Arbitration Clauses Created Through Data-Pass Marketing Programs and Shrink-Wrap Presentations May Create Enforceability Issues
American Bar Association, Business Law Section, Commercial Law Newsletter, Forthcoming
Posted: 16 May 2013
Date Written: March 5, 2013
On September 7, 2012 the Second Circuit struck a blow for those consumers that have been trapped by a data pass marketing programs, especially those that contain an arbitration clause hidden within its terms. In the case of Schnabel v. Trilegiant Corp., the court examined the enforceability of online contract terms. Most relevant and telling, however, was the fact that the court specifically invalidated the arbitration provision of the disputed agreement.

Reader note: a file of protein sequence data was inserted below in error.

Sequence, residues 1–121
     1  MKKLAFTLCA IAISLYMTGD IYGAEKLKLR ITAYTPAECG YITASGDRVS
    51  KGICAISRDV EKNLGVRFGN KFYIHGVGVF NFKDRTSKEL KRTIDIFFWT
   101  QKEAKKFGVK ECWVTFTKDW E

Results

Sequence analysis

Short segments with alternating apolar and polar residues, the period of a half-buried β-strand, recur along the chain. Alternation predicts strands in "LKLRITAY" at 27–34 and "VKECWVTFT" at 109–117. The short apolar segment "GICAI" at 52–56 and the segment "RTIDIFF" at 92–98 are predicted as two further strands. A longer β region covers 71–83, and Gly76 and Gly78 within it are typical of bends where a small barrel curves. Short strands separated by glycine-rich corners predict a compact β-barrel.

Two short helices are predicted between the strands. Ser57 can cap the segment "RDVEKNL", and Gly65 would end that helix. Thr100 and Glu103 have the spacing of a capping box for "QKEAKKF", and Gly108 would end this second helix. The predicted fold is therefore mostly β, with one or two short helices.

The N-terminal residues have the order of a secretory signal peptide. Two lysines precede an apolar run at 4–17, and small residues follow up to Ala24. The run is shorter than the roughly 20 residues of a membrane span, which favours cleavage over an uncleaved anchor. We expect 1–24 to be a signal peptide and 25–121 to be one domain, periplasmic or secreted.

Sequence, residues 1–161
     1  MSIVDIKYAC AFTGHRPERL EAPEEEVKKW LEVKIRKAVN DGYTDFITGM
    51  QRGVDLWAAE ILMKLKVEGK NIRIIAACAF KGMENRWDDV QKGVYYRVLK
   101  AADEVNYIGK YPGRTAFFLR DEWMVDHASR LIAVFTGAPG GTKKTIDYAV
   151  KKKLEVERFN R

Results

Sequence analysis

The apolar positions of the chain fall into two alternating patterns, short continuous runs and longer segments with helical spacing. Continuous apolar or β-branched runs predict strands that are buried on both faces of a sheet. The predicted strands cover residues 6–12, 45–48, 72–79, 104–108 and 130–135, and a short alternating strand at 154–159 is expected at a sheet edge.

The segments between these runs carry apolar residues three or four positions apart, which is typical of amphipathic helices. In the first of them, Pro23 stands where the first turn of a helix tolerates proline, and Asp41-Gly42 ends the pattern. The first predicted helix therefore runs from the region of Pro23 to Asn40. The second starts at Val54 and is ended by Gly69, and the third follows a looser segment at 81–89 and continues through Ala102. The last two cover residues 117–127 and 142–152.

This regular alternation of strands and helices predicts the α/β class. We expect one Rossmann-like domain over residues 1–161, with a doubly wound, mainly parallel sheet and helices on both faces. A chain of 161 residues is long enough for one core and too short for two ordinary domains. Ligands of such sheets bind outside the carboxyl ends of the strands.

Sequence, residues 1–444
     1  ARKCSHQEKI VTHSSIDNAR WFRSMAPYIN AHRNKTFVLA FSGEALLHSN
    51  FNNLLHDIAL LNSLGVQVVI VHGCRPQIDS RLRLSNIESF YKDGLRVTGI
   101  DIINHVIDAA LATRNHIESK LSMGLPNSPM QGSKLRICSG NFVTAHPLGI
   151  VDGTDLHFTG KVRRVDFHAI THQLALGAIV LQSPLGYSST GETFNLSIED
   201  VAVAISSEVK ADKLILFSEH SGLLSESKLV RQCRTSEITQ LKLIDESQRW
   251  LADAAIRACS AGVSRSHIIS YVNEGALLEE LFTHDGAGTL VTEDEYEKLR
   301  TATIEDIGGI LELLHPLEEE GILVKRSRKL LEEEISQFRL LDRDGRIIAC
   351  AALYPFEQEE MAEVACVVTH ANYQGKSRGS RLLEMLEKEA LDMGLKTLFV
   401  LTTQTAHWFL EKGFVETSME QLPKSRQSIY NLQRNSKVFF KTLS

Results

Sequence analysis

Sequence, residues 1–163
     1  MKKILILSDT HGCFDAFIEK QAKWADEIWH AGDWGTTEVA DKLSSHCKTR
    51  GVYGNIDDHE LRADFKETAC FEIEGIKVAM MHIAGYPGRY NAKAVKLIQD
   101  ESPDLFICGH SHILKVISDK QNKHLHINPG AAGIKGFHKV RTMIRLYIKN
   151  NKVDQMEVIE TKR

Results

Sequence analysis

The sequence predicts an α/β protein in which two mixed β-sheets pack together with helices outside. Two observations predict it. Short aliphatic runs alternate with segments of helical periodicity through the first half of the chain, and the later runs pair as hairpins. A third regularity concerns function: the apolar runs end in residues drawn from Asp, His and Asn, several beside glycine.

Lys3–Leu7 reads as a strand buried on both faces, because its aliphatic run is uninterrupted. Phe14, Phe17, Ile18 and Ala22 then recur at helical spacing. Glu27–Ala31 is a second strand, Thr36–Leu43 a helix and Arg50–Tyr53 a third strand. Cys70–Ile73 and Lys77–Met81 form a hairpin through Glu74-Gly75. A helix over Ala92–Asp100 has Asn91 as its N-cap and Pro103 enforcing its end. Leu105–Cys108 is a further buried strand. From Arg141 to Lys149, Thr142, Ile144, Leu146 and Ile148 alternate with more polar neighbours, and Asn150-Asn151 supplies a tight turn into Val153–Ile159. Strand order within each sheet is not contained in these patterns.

You likely are aware of what a post-transaction/data pass marketing program is, but you may have never heard the name associated with the activity. A ‘post-transaction’ or ‘data pass’ marketing program occurs when a consumer is presented with a ‘discount’ or cash-back offer from a third-party marketer at the conclusion of a transaction with an online retailer. If the consumer responds to the offer, whether by an affirmative ‘click’ or by the provision of personal information, their payment data is provided directly to the third-party marketer by the online retailer who collected it in connection with the original underlying transaction. The consumer is then enrolled in a program and their payment card is charged a monthly fee. As of 2010, the direct passing of payment information in this manner is prohibited by the Restore Online Confidence Act (S. 3386 (111th Cong., 2d Sess. 2010)) unless, among other things, the consumer’s “express informed consent” is obtained. However, issues still remain in relation to the agreement that arises in these types of transactions. Most concerning is the presence of an arbitration clause within these agreements and the absence of the need to present this information to the consumer.
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